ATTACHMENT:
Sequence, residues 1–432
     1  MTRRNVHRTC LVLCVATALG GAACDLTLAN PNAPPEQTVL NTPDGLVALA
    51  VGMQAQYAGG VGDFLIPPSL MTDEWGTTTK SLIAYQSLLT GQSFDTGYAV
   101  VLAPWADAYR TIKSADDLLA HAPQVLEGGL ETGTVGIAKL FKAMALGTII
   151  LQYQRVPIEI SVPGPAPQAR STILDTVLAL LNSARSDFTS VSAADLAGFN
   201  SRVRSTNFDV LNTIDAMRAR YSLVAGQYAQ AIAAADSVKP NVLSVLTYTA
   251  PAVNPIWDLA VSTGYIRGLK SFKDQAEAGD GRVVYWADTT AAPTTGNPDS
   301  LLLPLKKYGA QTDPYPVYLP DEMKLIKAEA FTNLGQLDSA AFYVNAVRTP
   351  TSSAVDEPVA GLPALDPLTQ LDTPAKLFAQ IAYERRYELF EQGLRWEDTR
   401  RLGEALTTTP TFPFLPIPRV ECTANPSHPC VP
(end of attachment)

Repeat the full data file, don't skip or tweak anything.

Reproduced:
Sequence, residues 1–432
     1  MTRRNVHRTC LVLCVATALG GAACDLTLAN PNAPPEQTVL NTPDGLVALA
    51  VGMQAQYAGG VGDFLIPPSL MTDEWGTTTK SLIAYQSLLT GQSFDTGYAV
   101  VLAPWADAYR TIKSADDLLA HAPQVLEGGL ETGTVGIAKL FKAMALGTII
   151  LQYQRVPIEI SVPGPAPQAR STILDTVLAL LNSARSDFTS VSAADLAGFN
   201  SRVRSTNFDV LNTIDAMRAR YSLVAGQYAQ AIAAADSVKP NVLSVLTYTA
   251  PAVNPIWDLA VSTGYIRGLK SFKDQAEAGD GRVVYWADTT AAPTTGNPDS
   301  LLLPLKKYGA QTDPYPVYLP DEMKLIKAEA FTNLGQLDSA AFYVNAVRTP
   351  TSSAVDEPVA GLPALDPLTQ LDTPAKLFAQ IAYERRYELF EQGLRWEDTR
   401  RLGEALTTTP TFPFLPIPRV ECTANPSHPC VP